A very important study was issued by William Encinosa, Ph.D of the Agency for Healthcare Research and Quality (AHRQ). After looking at the complication rate for surgeries done in 2005-2006 (7,060 surgeries) Dr.Encinosa found far fewer complications than he did in his study of surgeries performed 2001-2002. The complication rate went from 40% to 19%. He attributed the better rate to 3 factors:

1.      1.  More laparoscopic procedures. In 2001-2002 the number laparoscopic procedures accounted for 9.6%. In 2005-2006 the rate rose to 70%

2.      2.Gastric banding is now done more often which is less invasive and safer.

3.      3. Operations are being performed by fewer hospitals which means that those hospitals offering bariatric surgery are doing more and are therefore more experienced.

All of this is especially important because people are safer in general, and because insurance companies have been quoting the 40% complication rate as a reason for not offering weight loss surgery.

Click here to read the entire article, including what Dr. Encinosa considers a complication.

Summer is here! Get Back on Track!

 

Back on Track with Barbara

Internet Mentoring Program

Are you:

Suffering from emotional eating and can’t stop?
Grazing on carbohydrates and can’t control it?
Lacking inspiration to lose the weight you have regained?
Feel you don’t know what to do now that you have had surgery?
Dying to be in better shape this Summer?

 Then you are in luck! My Back on Track Internet
Mentoring Program is just what you need!

 

View a FREE Lesson and Listen to a FREE Telephone Seminar by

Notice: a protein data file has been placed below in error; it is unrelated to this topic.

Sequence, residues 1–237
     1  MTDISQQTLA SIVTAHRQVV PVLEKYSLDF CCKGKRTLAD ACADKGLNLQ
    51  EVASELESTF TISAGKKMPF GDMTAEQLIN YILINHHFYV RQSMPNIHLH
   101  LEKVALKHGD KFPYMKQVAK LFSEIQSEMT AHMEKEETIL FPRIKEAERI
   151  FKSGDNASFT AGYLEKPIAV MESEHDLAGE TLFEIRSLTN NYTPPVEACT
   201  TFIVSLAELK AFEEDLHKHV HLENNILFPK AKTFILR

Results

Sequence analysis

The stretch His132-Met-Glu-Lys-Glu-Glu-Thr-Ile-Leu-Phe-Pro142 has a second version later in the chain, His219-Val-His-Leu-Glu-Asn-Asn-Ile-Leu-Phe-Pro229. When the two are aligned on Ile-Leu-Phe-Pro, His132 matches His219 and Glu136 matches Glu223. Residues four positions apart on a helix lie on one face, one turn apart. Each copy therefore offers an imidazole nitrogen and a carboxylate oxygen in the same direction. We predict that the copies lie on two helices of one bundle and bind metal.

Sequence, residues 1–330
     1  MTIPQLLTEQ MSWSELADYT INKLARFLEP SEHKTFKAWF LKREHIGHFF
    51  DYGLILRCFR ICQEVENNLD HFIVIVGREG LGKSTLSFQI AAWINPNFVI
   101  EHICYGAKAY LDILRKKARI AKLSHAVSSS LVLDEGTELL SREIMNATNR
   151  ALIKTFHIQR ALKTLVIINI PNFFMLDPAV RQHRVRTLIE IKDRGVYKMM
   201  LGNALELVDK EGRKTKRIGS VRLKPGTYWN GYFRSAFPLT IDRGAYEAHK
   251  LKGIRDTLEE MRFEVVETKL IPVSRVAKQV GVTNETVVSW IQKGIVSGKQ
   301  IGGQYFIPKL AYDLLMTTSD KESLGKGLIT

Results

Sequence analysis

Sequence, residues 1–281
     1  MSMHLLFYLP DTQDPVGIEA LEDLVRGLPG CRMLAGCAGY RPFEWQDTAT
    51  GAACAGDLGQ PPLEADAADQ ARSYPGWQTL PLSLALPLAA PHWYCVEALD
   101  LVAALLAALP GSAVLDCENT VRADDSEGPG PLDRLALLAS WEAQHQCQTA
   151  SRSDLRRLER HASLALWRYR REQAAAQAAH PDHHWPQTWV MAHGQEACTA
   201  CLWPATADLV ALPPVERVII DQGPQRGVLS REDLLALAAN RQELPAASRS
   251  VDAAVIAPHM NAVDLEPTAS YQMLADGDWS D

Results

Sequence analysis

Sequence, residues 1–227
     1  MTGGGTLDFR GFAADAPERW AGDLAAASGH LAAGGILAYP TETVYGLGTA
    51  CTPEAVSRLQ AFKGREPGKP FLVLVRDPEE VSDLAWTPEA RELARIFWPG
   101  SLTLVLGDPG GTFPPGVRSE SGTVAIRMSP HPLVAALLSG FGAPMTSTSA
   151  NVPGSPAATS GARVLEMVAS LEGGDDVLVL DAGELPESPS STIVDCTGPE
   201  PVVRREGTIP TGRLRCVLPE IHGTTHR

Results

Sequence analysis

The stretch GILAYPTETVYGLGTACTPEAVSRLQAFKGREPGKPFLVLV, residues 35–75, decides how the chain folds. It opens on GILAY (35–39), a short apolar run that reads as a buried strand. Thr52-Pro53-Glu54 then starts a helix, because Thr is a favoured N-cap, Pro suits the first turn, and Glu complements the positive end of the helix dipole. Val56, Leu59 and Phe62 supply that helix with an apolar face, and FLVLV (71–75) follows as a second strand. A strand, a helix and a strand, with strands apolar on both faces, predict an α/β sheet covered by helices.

clicking here and scrolling down to the bottom of the page.

Recipe:
  Cream Sickle Jell-O

Many thanks to Alida Turner for submitting this recipe. She writes, "This is a low-calorie recipe. I had my surgery March 10, 2009 at Adirondack Medical Center, Saranac Lake, NY and have lost 62 pounds since then, I lost a total of 107 pounds since a year ago following Weight Watchers."

Cream Sickle Jell-O - makes 4 servings

1 pkg (4 serving size) sugar-free Jell-O, whole box
3/4 cup boiling water
3/4 cup cold water
8 oz light or nonfat yogurt, can be sugar-free or whatever kind you like

Pour boiling water into Jell-O, mix about 2 minutes until dissolved, stir in cold water, put in refrigerator to cool, not set. When it is just starting to get giggly, whisk in the yogurt and let it set about 4 hours.

If you have a recipe that you would like to share in future issues of this newsletter, please send it to me at Barbara@WLScenter.com

Success Story:
  DeAnn Cornwell

I want to offer a special thanks to DeAnn Cornwell for sharing her success with us. Her before picture was before her surgery on July 21st, 2008. Her after picture was taken only nine months later. She has now lost a total of 100 pounds. Here is her story: